From Plastic Pollution to Fashion: 6 Brands Taking Action

If there’s one thing we can no longer ignore as consumers, it’s plastic pollution. Did you know that approximately one million plastic bottles are bought around the world every minute?

Or that an estimated 73% of all beach litter is plastic? How about that plastic is killing more than 1.1 million seabirds and animals every year?

Documentaries like Attenborough’s ‘Blue Planet II’ are doing an excellent job in bringing this issue to the forefront of public consciousness. But it’s more important than ever that we pull together in an effort to clean up our oceans.

Fashion brands in particular have been urged to take action as key contributors to the epidemic. Friends of The Earth says washing clothes in the UK creates around 4,000 tonnes of plastic microfibre pollution every year – of which 1,600 tonnes could find its way into our rivers and estuaries.

From high-performance trainers to chic eyewear, these are just some of the brands saving the oceans in style.

Adidas

Adidas and Parley for the Oceans — an environmental organisation raising awareness around marine pollution — recently made history with the first high-performance sportswear range made from ocean plastic. Parley collect plastic waste on beaches which they then turn it into a yarn used to manufacture clothing and footwear. They have partnered with several brands, with Adidas perhaps their most successful collaboration yet. The sportswear brand have set an ambitious goal to increase production from five million pairs of ocean-friendly trainers in 2018 to eleven million pairs in 2019.

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Matt and Nat

For those of you unfamiliar with Canadian-founded Matt & Nat, they are a cruelty-free vegan brand selling a range of bags, footwear and other accessories. But, as an added incentive for the environmentally-conscious customer, they also use a fabric made from recycled bottles to make the linings of their bags. For each bag produced, approximately 21 bottles are recycled. Still not sold? They’re now using recycled bicycle tires as new material.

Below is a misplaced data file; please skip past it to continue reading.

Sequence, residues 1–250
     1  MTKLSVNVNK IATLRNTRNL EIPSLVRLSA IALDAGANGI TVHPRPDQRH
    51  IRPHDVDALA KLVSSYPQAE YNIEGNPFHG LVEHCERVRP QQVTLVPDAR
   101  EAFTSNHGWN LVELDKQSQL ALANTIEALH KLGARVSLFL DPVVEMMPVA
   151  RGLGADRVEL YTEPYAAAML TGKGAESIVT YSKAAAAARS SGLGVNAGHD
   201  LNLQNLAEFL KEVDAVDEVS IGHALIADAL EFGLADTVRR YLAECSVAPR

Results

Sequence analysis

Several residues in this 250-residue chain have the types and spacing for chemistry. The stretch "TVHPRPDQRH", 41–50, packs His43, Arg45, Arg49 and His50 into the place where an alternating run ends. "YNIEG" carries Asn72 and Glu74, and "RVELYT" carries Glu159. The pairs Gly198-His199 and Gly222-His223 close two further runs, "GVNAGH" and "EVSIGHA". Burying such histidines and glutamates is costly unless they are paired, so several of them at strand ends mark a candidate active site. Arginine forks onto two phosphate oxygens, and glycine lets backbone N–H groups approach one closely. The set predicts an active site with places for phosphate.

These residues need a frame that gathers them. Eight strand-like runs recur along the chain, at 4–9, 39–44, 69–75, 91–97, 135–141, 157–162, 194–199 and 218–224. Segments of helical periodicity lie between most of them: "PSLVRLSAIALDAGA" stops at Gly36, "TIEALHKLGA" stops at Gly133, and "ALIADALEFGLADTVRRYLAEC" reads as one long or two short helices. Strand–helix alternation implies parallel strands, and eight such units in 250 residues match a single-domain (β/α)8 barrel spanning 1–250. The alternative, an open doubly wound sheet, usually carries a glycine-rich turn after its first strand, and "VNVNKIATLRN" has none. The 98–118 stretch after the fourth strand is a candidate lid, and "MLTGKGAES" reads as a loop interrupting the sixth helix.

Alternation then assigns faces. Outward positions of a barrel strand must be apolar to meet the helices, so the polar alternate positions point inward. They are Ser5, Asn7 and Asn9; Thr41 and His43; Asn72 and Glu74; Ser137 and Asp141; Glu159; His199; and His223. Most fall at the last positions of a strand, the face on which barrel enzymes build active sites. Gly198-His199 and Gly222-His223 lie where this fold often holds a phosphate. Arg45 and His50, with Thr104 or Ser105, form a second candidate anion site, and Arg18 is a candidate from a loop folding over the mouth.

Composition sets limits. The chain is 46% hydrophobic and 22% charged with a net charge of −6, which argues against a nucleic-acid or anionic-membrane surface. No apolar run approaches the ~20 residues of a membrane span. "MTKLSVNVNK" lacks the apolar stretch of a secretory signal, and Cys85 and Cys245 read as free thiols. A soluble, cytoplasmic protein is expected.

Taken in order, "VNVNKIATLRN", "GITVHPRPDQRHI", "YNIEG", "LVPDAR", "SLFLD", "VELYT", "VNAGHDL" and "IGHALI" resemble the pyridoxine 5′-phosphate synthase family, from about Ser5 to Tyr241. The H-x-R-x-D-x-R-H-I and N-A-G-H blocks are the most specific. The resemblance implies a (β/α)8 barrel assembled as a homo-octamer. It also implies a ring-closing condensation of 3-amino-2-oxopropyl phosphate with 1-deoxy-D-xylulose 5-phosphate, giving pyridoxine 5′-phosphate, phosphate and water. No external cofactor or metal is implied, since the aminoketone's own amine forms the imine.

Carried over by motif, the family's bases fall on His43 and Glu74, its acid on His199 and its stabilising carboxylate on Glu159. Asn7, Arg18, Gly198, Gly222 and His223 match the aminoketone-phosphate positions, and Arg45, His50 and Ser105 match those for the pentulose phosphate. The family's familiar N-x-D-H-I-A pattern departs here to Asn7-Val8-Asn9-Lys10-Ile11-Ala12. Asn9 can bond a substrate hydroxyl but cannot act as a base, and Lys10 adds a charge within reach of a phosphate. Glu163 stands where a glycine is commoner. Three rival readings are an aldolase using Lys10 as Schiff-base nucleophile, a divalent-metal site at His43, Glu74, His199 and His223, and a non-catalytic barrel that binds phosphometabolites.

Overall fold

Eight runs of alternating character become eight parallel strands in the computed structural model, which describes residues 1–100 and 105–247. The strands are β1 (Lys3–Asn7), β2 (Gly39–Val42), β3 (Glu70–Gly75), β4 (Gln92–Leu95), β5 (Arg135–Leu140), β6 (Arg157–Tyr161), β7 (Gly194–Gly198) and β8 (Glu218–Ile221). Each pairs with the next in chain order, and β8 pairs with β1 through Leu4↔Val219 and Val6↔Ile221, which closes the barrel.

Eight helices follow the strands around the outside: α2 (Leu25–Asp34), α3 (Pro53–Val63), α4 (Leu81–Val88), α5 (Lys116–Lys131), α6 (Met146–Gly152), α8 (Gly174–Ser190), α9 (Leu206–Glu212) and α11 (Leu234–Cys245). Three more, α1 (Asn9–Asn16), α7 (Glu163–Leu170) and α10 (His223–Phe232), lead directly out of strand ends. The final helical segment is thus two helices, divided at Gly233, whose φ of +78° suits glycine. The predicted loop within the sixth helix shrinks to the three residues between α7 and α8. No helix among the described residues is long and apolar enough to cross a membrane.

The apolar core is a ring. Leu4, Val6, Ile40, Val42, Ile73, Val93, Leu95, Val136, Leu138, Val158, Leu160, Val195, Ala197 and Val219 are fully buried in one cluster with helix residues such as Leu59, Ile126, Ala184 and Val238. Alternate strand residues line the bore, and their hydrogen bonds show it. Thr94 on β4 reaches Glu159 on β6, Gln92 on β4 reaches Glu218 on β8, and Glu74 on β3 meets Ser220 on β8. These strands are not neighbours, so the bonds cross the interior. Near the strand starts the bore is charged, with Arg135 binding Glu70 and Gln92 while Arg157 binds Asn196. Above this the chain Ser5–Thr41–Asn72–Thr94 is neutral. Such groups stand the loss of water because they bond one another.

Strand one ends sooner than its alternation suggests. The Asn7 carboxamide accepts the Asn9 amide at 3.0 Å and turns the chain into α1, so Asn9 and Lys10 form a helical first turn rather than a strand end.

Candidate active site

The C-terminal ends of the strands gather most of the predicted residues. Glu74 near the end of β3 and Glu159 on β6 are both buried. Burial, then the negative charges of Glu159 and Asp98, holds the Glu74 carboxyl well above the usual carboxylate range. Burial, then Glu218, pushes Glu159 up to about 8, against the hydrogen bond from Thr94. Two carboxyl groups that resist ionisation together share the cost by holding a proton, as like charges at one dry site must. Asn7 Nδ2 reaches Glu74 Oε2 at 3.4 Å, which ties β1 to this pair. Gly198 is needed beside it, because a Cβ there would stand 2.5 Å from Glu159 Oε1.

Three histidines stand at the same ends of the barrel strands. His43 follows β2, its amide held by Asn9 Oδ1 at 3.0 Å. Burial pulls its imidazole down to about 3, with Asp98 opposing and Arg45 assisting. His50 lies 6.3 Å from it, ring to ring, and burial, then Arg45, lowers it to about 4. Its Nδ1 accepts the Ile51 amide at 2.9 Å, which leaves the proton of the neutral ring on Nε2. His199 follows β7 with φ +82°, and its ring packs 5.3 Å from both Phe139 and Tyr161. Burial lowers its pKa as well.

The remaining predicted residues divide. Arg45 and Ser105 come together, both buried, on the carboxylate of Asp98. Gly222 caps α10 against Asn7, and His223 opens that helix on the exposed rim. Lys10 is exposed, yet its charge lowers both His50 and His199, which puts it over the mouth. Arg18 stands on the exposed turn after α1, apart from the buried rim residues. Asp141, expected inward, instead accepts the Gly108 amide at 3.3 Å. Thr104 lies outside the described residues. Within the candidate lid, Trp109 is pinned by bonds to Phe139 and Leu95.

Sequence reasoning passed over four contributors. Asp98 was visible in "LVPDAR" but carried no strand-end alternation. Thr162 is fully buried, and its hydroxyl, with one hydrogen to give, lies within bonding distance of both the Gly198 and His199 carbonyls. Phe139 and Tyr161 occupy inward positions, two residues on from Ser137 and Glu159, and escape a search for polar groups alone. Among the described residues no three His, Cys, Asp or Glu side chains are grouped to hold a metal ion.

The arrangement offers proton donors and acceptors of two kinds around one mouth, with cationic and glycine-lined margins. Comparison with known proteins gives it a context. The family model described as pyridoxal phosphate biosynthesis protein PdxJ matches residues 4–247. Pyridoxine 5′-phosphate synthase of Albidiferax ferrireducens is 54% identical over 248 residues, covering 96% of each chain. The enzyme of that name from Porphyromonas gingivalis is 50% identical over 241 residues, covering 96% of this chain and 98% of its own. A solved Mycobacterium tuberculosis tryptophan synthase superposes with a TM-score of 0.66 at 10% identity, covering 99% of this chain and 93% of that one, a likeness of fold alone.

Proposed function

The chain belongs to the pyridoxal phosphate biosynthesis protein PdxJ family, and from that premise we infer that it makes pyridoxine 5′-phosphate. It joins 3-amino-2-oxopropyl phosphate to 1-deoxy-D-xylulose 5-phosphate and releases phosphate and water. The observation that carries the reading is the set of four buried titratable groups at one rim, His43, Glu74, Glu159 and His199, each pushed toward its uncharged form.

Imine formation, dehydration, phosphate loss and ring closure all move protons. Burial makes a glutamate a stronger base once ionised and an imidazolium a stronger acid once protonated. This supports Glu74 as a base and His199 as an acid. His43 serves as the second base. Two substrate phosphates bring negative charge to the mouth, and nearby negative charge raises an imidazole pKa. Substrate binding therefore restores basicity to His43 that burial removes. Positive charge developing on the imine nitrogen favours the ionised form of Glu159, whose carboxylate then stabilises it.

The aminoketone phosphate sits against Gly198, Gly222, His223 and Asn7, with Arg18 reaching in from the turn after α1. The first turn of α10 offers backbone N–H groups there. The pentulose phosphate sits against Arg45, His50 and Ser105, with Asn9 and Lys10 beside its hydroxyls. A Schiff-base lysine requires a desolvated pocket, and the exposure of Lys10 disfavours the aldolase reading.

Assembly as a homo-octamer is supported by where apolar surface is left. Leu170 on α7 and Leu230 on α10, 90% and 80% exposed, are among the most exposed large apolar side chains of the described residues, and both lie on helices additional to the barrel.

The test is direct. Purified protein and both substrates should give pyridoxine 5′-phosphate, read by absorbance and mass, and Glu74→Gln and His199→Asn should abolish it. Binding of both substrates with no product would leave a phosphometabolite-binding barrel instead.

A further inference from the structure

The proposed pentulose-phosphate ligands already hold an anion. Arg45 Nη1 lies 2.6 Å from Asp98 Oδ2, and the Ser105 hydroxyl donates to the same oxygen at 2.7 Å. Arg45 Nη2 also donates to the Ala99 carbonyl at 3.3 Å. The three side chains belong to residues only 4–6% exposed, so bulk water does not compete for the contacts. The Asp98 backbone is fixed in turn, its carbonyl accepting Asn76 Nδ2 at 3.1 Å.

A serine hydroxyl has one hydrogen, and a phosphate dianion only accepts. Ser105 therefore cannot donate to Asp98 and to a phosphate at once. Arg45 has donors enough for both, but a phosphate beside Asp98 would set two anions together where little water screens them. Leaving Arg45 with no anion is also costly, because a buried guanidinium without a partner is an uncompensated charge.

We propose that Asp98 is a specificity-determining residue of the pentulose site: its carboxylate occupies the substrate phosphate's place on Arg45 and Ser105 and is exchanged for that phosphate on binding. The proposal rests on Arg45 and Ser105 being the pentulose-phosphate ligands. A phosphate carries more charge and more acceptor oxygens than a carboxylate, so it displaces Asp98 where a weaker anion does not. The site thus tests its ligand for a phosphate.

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H&M

H&M was one of the first international brands to make a statement around plastic waste with its Conscious Exclusive collection. Now in its eighth year, the line promotes the use of recycled materials in crafting high-quality womenswear, lingerie, shoes and accessories. Last year’s range even featured a gorgeous lace wedding dress made from organic cotton and recycled ocean waste like discarded fishing nets.

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Riley Studio  

Fans of C4’s ‘Made in Chelsea’ may recognise Riley Uggla as a former star of the show, who last year decided to follow her passion to create sustainable clothing brand, Riley Studio. Her idea was simple: use waste materials and natural fabrics to produce durable and versatile fashion. The result? A quality collection of gender-neutral loungewear including simple sweatshirts and activewear made from Econyl — a recyclable fabric consisting of fishing nets and ocean-polluting plastics. Her debut collection alone upcycled 1,167 plastic bottles. Shop the latest here.

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Girlfriend Collective

Not only is this brand incredibly size-inclusive (selling sizes XXS—6XL in leggings and XS—3X in bras) they are also dedicated to sustainability within fashion. Girlfriend Collective partners with a recycling centre in Taiwan — the state formerly known as ‘Garbage Island’ — using the plastic waste to create their super-soft products. Their new LITE Collection is made using fishing nets from across the world, with one percent of all sales going to Healthy Seas, an organisation helping to remove nets from our oceans.

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Sea2See

Barcelona-based Sea2see helps fishermen operating off the coast of Catalonia bring in a tonne of plastic waste every three days. That plastic is then used to make chic designer eyewear, with 10kg required to make every pair of glasses. Any remaining waste is then sold to other manufacturers, with many using it for nylon threading. An incredible 90% of what they recover can be recycled. Those with perfect vision can bag themselves a pair of sunglasses instead.

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Written by Emma Gibbins.

Trash TalkCity Girl